What is it Like to Attend New York University?

The tutors behind Varsity Tutors are not just here to teach – they’re sharing their college experiences as well. Emma is a New York City tutor who specializes in Spanish tutoring, Writing tutoring, SAT prep tutoring, and more. She is currently a sophomore at New York University majoring in Economics. Check out what she had to say about her school:

VT: How easy or difficult is it to get around on your campus? Is it hilly, do lots of people bike, are there buses, etc.

Emma: The NYU campus is essentially part of Manhattan. One of the most distinct characteristics of NYU is that there is no campus, and the buildings are quite diffuse. As a freshman, you're likely to live near Washington Square Park, the nucleus of the NYU buildings. However, this could mean as much as a 15 minute walk away. The university runs a decent bus service, which goes to the further dorms and academic buildings. It's important to feel comfortable in the city at NYU, because you live more like a New Yorker than a college student in many ways. 

VT: How helpful are the academic advisors?

Emma: The advisors in the College of Arts and Science are incredibly helpful, and I've heard pretty good things about the other schools within NYU. It can be hard to cut through some of the administrative red tape at NYU, as it is such a large institution, but the advisors to their best to advocate for their students. 

VT: How would you describe the dorm life?

Emma: The dorm life as a freshman can be somewhat social, depending on your dorm, but is often lonely and anonymous. My experience was unusual. I lived in a special, application-based dorm called Goddard, which provided a much smaller, cozier community within NYU. At Goddard I took a required writing course with a professor inside the dorm, and participated in a theatre interest group where I got to see plays all over the city. If you can find a smaller, more specialized dorm at NYU, it is probably worth your while. Some of the other dorms, however, are larger and offer more amenities. 

VT: Which majors/programs are best represented and supported?

Emma: NYU has many different schools within it, each of which has its own offerings and nuances. I've enjoyed Economics so far, and the Economics department at NYU is known to be strong. The Tisch School of the Arts and Stern Business School are very well known and well regarded. NYU truly has something for everyone.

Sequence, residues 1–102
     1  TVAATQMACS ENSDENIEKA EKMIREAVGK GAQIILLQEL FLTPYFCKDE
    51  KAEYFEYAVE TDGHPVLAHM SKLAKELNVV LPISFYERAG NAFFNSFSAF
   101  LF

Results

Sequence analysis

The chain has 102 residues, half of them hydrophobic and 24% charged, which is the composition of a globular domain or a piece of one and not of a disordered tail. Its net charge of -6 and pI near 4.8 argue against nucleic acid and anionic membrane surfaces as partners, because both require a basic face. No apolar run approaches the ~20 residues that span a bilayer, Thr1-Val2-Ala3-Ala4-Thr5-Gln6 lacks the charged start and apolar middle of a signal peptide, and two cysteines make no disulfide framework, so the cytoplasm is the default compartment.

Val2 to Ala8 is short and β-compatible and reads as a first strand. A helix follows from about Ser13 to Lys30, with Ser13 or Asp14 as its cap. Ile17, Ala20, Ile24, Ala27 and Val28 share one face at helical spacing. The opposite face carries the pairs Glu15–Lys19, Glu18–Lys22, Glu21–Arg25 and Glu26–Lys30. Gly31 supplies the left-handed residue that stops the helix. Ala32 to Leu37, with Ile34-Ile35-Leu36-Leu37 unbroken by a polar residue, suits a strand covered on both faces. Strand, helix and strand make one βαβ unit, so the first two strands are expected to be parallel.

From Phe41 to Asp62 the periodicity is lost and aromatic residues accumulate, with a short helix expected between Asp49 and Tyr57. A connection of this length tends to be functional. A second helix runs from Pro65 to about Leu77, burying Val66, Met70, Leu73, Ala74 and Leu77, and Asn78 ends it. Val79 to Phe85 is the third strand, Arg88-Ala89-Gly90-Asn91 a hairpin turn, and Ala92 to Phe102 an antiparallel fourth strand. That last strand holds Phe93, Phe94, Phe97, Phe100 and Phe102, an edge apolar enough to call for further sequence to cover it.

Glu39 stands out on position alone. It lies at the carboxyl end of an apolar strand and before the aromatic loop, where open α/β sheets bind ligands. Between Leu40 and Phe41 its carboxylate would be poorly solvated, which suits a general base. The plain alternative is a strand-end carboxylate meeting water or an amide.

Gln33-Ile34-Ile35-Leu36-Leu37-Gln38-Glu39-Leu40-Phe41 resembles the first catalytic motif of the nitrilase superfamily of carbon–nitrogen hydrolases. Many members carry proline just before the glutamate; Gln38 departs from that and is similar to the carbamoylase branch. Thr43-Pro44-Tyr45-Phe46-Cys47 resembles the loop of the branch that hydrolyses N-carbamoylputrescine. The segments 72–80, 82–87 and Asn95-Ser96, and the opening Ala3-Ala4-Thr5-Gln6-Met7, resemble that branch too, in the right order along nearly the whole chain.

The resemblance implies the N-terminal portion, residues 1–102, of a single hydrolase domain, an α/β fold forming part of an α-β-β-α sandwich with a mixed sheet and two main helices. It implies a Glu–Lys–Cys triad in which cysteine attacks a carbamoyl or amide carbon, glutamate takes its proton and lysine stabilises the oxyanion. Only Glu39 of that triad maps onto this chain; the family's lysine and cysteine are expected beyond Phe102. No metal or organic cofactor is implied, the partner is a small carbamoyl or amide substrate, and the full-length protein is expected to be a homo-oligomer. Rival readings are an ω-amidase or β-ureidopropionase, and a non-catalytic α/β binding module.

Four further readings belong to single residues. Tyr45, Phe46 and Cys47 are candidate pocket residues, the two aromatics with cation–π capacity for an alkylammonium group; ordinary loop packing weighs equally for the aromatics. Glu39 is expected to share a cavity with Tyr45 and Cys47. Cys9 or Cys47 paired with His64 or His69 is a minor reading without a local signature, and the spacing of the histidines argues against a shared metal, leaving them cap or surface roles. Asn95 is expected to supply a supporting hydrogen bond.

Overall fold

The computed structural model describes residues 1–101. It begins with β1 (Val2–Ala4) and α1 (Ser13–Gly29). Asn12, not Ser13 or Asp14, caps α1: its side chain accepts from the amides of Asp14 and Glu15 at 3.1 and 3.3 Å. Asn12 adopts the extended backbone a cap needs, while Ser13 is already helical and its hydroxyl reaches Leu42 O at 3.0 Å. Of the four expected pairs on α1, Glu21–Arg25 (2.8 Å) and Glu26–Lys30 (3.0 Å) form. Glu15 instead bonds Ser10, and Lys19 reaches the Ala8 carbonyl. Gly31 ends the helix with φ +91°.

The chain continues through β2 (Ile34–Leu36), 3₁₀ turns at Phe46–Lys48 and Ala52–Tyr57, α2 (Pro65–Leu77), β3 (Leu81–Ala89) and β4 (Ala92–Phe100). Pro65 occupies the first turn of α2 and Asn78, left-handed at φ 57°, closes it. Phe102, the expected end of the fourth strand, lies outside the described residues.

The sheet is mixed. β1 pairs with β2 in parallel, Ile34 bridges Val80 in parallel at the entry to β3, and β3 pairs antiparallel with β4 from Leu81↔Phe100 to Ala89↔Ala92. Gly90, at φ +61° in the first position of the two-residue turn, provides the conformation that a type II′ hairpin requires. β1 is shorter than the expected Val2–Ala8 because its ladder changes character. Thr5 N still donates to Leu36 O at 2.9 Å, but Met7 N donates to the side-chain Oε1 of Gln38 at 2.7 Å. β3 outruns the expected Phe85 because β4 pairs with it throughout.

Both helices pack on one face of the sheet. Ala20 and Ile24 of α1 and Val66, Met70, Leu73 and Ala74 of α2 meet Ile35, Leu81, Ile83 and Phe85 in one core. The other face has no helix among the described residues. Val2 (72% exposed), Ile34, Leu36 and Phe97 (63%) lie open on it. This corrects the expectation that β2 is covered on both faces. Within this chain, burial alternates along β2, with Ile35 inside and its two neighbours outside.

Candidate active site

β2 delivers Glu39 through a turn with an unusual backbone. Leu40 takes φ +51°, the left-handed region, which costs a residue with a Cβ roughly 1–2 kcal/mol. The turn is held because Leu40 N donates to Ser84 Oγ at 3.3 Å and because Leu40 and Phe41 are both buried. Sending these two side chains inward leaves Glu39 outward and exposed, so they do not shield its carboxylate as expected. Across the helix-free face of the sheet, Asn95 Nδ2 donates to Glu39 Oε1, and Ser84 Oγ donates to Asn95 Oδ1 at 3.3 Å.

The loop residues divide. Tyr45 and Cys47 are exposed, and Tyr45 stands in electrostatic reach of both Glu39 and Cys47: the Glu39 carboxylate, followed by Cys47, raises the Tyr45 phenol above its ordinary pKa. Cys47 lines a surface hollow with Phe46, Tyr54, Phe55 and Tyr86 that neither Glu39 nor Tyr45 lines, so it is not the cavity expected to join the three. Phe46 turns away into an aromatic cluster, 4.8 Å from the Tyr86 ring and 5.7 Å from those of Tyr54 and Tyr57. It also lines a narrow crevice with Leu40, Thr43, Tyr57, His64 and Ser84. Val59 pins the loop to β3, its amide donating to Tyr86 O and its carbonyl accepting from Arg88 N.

VT: How easy or difficult was it for you to meet people and make friends as a freshman?

Emma: I had an easy time making friends, in part because I had a few friends from high school starting college in the city at the same time as me. I also found it easy to become friends with the people on my floor, as well as my roommate. Even some of the people I met at orientation over the summer are some of my closest friends now. Making friends at NYU requires an open mind and proactive attitude. Especially if you are shy, you may benefit from joining a club or sports team on campus. Any way you can find to create a smaller community, through dorm life or extracurriculars, will be helpful in making friends. 

VT: How helpful is the Career Center?

Emma: Wasserman is the Cadillac of career centers. The amazing networking and internship opportunities at NYU are one of the biggest draws. Many students don't take advantage of the career center, but those who do have great opportunities. One big advantage of being at NYU is the exposure to all the industries that New York City offers. 

VT: How are the various study areas? Libraries? The Student Union? Dorm lounges?

Emma: NYU is a little short on space, so the study areas tend to be overcrowded, especially during exams. 

VT: What is the surrounding town like? What are the best local attractions that make it unique? 

Emma: NYU could not be in a better location for those people who thrive on urban life. It's surreal. My freshman year I lived facing Washington Square Park, the center of the village, and lived walking distance from neighborhoods like Soho and the East Village. 

VT: How big or small is the student body and how does that affect your experience?

Emma: The NYU student body is enormous, and drowns inside a city that is even bigger. The size provides the biggest challenge. Large classes tend to be quite anonymous. In my introductory econ lectures, there were as many as 450 students. However, it is definitely possible to find smaller classes where you will stand out. I also took a Spanish class with 5 students in it. Ultimately, it is up to the student to take the opportunities and make the most of them. If you are not a proactive go-getter who likes to be pushed outside of their comfort zone, you will probably not benefit from being at NYU. 

VT: Describe one memorable experience with a professor and/or class. Perhaps one you loved the most or one you dreaded the most. 

Emma: In my first semester as a freshman I had the opportunity to take a 16-person class taught by the president of the university, John Sexton. It was by far the hardest course I have taken at NYU, but also the most interesting. It was a Socratic-style legal seminar on the Establishment and Free Exercises clauses of the American constitution. The workload was insane for a freshman! We read about 400 pages in Supreme Court cases weekly, and churned out 8-10 page memos every class. That said, how many freshmen can say that the president of their university knows them by name? At the end of the semester, we each had to debate him one-on-one in a "Steel Cage Match". I can't say I'll ever forget that. 

Check out Emma’s tutoring profile.

The views expressed in this article do not necessarily represent the views of Varsity Tutors.